US News: “Yesterday’s verdict in the state criminal trial does not address potentially systemic policing issues in Minneapolis,” Garland said during brief remarks at the Justice Department.
The civil investigation will examine whether Minneapolis police “engaged in a pattern or practice of unconstitutional or unlawful policing,” he said.
The probe is separate from a federal civil rights investigation opened by the Trump administration in the case of Floyd’s killing last year, Garland said.
“Pattern or practice” civil investigations like the one announced Wednesday allow the federal government to broadly review potentially systemic issues within a police department and are often precursors to consent decrees, deals between the DOJ and local jurisdictions used to enact changes within departments found to have engaged in unconstitutional or abusive tactics.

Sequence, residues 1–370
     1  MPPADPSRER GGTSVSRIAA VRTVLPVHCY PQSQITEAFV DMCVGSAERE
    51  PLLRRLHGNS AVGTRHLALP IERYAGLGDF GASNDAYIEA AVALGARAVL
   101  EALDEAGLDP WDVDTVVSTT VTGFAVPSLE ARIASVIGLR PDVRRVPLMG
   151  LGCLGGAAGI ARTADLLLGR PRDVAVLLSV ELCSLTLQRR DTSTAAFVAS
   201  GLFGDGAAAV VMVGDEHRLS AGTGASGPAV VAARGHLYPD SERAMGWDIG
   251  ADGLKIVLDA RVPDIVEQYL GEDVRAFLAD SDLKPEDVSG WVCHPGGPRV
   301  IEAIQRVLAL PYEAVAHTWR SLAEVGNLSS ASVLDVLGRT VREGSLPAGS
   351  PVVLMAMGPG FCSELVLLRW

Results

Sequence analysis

The Trump administration in 2018 moved to largely ban such agreements and then-Attorney General Jeff Sessions argued they demoralized local police officers. But Garland on Friday – less than a week before the announcement of the Minneapolis probe – restored the use of consent decrees in one of the first major steps by the administration signaling it intends to more aggressively address police misconduct.
The Minneapolis investigation will assess whether the police department has a pattern of using excessive force, including during protests, Garland said, and whether it engages in discriminatory conduct. The probe will also look at its treatment of people with behavioral health issues.
“I would not call today’s verdict ‘justice,’ however, because justice implies true restoration. But it is accountability, which is the first step towards justice,” Minnesota Attorney General Keith Ellison said after the verdict.
“Today we have to end this travesty of enduring recurring deaths at the hands of law enforcement,” he added.